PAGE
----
Crowded, hot, subject to violent swings in climate, with a government unable or unwilling to face the most vital challenges, the rich and poor increasingly living in worlds apart; for most of the world, this picture is of a possible future. For India, it is the very real present.
In this lyrical exploration of life, loss, and survival, Meera Subramanian travels in search of the ordinary people and microenterprises determined to revive India's ravaged natural world: an engineer-turned-farmer brings organic food to Indian plates; villagers resuscitate a river run dry; cook stove designers persist on the quest for a smokeless fire; biologists bring vultures back from the brink of extinction; and in Bihar, one of India's most impoverished states, a bold young woman teaches adolescents the fundamentals of sexual health. While investigating these five environmental challenges, Subramanian discovers the stories that renew hope for a nation with the potential to lead India and the planet into a sustainable and prosperous future.
About the Author
Meera Subramanian is an award-winning journalist whose work has been published in New York Times, Nature, Virginia Quarterly Review, Orion, and elsewhere. She is an editor for Killing the Buddha and earned her graduate degree in journalism from New York University. Subramanian received a Fulbright-Nehru Senior Research Fellowship for her work on A River Runs Again. She lives on Cape Cod in Massachusetts and can be found at meerasub.org and @meeratweets.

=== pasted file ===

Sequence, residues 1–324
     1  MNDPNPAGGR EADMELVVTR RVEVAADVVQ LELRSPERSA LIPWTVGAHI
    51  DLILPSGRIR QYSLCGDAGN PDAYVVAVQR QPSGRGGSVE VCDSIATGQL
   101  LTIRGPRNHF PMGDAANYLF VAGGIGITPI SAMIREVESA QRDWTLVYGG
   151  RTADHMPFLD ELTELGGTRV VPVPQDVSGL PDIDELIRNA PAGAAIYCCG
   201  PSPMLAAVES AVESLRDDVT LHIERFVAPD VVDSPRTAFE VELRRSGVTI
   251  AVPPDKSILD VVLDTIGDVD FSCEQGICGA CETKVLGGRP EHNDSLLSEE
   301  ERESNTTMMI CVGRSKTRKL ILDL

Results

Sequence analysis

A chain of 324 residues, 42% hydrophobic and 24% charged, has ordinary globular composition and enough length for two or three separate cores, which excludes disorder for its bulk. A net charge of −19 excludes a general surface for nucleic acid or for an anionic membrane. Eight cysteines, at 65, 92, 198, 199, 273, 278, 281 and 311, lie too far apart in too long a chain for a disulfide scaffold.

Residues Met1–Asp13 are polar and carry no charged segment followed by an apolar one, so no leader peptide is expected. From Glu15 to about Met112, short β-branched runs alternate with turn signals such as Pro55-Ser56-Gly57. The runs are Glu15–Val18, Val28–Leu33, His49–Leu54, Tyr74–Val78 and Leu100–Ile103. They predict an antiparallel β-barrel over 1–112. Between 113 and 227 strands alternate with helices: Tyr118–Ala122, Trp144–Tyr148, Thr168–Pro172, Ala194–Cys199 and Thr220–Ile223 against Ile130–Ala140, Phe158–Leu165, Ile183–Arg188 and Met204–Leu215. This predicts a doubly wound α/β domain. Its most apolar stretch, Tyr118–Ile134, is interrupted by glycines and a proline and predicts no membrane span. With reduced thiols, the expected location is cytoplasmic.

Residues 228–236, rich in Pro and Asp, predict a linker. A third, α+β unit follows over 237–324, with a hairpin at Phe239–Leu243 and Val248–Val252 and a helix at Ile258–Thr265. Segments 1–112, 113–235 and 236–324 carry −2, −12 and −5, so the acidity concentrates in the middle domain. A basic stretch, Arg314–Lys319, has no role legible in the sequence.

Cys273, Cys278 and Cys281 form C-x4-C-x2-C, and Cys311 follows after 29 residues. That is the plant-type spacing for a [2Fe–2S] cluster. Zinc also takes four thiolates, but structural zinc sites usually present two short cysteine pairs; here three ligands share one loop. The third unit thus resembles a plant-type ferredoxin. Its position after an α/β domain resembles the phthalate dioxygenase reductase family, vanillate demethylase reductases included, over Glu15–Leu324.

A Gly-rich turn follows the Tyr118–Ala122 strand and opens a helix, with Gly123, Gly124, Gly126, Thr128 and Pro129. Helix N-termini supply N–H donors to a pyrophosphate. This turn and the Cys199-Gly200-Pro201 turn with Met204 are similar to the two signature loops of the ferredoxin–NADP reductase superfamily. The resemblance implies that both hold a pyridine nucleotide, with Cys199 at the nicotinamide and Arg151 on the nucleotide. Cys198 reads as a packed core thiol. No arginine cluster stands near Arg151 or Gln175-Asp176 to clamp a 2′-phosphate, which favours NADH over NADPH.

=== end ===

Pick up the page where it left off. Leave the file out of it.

An elegiac account of India's struggles to cope with, or even reverse, the devastating effects of too many people living on too little land in a country where the poor still far outnumber the rich The problems are overwhelming and intransigent, but the human spirit shines through in attempts to set right the ways of heedless modernization. This is a book filled with small acts of bravery, and Subramanian wishes us to believe that they may, in the aggregate, turn the tide of decades of false promises of sustainability and growth.” Sheila Jasanoff, Current History
Exemplary...Subramanian's writing is thoughtful and often lyrical as she balances current science with narrative journalism from her travels, switching modes to great effect. While reporting on environmental issues can sometimes overwhelm or burden the reader with guilt, Subramanian thwarts this risk by providing refreshing glimpses of individuals and organizations working against the problems India faces. Her work is engaging, informative, and eminently readable.” Publishers Weekly, starred review
This is a necessary book. And Meera Subramanian is the perfect person to be writing it.” Suketu Mehta, author of Maximum City: Bombay Lost and Found
A River Runs Again is at once sweeping and intimatea smart, informative, richly reported book full of memorable characters.” Elizabeth Kolbert, author of The Sixth Extinction: An Unnatural History
Meera Subramanian has written an eye-opening and even inspiring book about a country that is so often terribly misunderstood by the West. Her serious but never morose storytelling introduces us to an India that is neither basket case nor Shangri-La, but a diverse land full of ordinary people questing for an extraordinary goal: a happier, greener future for 1.2 billion of their fellow citizens, and for the rest of us, too. We should all be rooting them on.” Dan Fagin, Pulitzer Prizewinning author of Toms River: A Story of Science and Salvation